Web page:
TGOHF666 said:

    rcs1000 said:

    kyf_100 said:

    rcs1000 said:

    kyf_100 said:

    Pulpstar said:

    Lavery has the tight ultra-marginal of Wansbeck to defend next time round.

    With a majority of 814
    I'm not sure how Boris will soak the "Red Wall" seats in cash.

    Sajid has already planned the second biggest fiscal loosening in the post-WW2 period (only beaten by the response to the GFC), and this is at the end of a long-running economic expansion.

    I don't mean to sound negative, but if it was easy to get Stoke-on-Trent moving, then it would have already happened.
    A fair point. I'm not even sure how more cash improves the lot of the red wall seats when the problem is demographic. The young keep leaving and going where there are more opportunities. But surely this in part helps explain the shift to the blues, too, as the oldies are more likely to vote for them.

    But when writing my previous post I was thinking of this article I saw a couple of days ago, which seems to indicate those seats will receive preferential treatment.

    https://www.bbc.co.uk/news/business-50925321
    The demographic issue has been an absolute killer in the US. Municipalities find an ever greater amount is being spent on pensions, which

    There's an inevitable wave of municipal bankruptcies coming. It's going to be absolutely brutal.

    We have less of an issue in the UK. But it's still very real.

    I think any government has far less room for manoeuvre than we tend to think. Economic conditions are pretty much top of the cycle right now, with essentially no unemployment.
    How many councils in the Uk still offer defined benefit pensions ?

    And assuming the correct answer is zero - when will be the inflection point when these pension commitments start to drop ?
    Most UK councils still offer defined benefit pensions.
    All English councils will offer the local government pension scheme which is defined benefits. There is no plausible alternative at the moment. Lgps is fully funded.
    I was curious about it and looked on their website. Members of that scheme only pay 2% of their salary each year into the pot :o
    What are you looking at? Sliding scale of 5.5% to 12.5% depending on salary..
    It’s a Ponzi scheme though.

    Zero private sector pensions operate that way.

    Total assets of £275 billion. The only weakness is the shortfalls falling on employer and not shared.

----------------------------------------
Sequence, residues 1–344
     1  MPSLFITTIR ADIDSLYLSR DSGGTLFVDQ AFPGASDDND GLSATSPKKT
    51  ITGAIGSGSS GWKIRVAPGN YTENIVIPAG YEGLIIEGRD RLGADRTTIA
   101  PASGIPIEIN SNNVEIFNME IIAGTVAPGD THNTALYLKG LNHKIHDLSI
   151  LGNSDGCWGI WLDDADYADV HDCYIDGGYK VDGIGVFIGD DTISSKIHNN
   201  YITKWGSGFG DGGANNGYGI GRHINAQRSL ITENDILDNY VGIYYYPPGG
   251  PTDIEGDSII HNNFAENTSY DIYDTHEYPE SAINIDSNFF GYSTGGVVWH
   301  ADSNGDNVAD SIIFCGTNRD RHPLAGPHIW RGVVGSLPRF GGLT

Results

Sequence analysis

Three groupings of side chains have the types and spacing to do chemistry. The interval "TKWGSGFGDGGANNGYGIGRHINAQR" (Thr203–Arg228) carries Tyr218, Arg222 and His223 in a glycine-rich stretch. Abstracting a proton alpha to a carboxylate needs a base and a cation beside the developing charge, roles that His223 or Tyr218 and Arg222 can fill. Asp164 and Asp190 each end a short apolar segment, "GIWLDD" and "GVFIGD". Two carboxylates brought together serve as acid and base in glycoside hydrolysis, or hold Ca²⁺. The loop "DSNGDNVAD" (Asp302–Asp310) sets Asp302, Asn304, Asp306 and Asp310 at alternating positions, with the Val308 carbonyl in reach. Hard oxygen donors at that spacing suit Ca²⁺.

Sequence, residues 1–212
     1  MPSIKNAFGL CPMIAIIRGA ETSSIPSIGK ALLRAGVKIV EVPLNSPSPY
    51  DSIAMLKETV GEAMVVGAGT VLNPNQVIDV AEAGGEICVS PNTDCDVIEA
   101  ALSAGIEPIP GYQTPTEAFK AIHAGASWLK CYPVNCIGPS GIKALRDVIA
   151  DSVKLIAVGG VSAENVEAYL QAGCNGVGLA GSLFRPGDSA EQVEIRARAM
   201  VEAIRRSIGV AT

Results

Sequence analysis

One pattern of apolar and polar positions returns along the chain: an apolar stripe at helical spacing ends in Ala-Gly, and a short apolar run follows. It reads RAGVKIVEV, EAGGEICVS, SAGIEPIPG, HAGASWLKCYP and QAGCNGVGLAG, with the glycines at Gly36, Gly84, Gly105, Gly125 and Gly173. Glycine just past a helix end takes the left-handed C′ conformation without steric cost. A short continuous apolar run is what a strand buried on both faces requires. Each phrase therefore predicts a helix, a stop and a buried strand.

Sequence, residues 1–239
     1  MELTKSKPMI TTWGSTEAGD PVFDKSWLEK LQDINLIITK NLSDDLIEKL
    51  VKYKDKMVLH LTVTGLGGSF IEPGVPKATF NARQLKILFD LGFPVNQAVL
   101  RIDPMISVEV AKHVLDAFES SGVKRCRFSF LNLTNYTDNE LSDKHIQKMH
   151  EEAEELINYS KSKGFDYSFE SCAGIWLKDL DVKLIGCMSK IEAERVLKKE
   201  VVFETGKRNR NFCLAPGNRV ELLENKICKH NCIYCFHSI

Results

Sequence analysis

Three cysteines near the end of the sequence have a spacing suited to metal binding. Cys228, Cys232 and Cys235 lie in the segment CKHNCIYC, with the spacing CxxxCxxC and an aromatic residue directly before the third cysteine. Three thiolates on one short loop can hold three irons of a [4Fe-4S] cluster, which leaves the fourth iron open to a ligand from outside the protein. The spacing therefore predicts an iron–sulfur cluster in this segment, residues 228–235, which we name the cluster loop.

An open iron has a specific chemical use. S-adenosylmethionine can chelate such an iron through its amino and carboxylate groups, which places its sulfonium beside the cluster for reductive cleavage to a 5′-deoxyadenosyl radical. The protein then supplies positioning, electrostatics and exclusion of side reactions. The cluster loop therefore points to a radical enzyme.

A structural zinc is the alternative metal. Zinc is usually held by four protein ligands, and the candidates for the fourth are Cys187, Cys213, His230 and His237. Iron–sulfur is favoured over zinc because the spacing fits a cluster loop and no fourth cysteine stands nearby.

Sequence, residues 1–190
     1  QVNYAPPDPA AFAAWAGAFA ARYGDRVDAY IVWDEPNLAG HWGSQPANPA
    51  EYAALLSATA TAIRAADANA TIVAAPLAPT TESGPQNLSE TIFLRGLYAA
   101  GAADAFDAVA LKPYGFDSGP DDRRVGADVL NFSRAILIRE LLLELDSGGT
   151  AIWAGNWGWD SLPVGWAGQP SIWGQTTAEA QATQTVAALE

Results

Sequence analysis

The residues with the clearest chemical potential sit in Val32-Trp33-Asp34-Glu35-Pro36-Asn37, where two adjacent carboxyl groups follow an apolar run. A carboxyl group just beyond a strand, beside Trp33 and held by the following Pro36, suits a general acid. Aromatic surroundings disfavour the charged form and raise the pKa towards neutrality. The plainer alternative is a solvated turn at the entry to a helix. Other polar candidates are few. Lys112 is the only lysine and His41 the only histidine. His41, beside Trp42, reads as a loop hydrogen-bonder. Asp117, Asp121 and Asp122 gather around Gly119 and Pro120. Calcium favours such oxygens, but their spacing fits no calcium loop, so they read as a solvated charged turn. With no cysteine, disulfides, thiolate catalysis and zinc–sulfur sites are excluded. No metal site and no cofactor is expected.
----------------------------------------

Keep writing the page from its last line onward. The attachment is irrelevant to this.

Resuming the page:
https://lgpsboard.org/index.php/schemedata/scheme-annual-report
  • Options
    @RobD

    What kind of jobs are in the igps?

    Is it police, teachers​, etc?
  • Options
    viewcodeviewcode Posts: 19,536
    Good morning everybody. As you know, I have written an article on PB births, deaths and marriages and I have submitted it. Will the following people please see the details below and tell me if there is anything there you want redacted before it is published.

    @CasinoRoyale: Birth of daughter
    @isam: Birth of son

    @ExiledInScotland: Brother with oesophageal cancer died in hospice
    @FF43: Father died
    @Jonathan: Mother died.
    @MarqueeMark: Mother died
    @MikeL: Mother died
    @Sandpit: Mother in law died
    @Big_G_North_Wales: Business partner died (December 2018)

    @Floater: Son has a lump and kidney failure
    @malcolmg: Visit to A&E
    @NigelB: Parent with late stage Alzheimers
    @OldKingCole: Lumbar stenosis and wife with gall-bladder problems. Both have responded to treatment. A grandchild is beginning to consider university
    @RobinWiggs: Wife with breast cancer
    @Stocky: Spinal cord injury (skiing) requiring neck brace and physio and has responded to prolonged treatment.
    @twistedfirestopper3: Wife with breast cancer

    @BigRich: Got engaged and then married to a New Zealand woman
    @Dura_ace: Lost driving licence but did 102km/h on a bicycle descending the Col du Simplon.
    @Foxy: Son has gained financial independence from parents
    @Gallowgate: Law conversion course [location redacted]
    @Sunil_Prasannan: Mum won Redbridge in Bloom for her front garden.
    @TheScreamingEagles: Thought he had stomach cancer but did not
    @Theuniondivvie: Will do welding class in 2020
    @Tissue_Price: Was elected as MP

    @HYUFD , I couldn't work out the details of your father's illness so I left your entry out: if you want it reinserted please say. I also omitted the speculation that @Sean_F is the person doing a military history degree, because I couldn't confirm it.

  • Options

    @RobD

    What kind of jobs are in the igps?

    Is it police, teachers​, etc?

    Local government staff and staff carrying out work on behalf of local authority who have been transferred out of the council but terms and conditions protected and their new employer admitted into the scheme.

    Teachers have their own pension scheme as do police. Neither are funded like the LGPS which is a properly ran and funded scheme.
  • Options
    rcs1000rcs1000 Posts: 54,620
    edited December 2019
    TGOHF666 said:

    It’s a Ponzi scheme though.

    Zero private sector pensions operate that way.

    Very few new private sector pensions operate that way. But there are still trillions of dollars of final salary pensions in the US and hundreds of billions in the UK.

    In fact, if you look at the statistics, around a third of people in work are currently members of defined benefits schemes.

    See: https://www.ons.gov.uk/employmentandlabourmarket/peopleinwork/workplacepensions/bulletins/annualsurveyofhoursandearningspensiontables/2018provisionaland2017revisedresults
This discussion has been closed.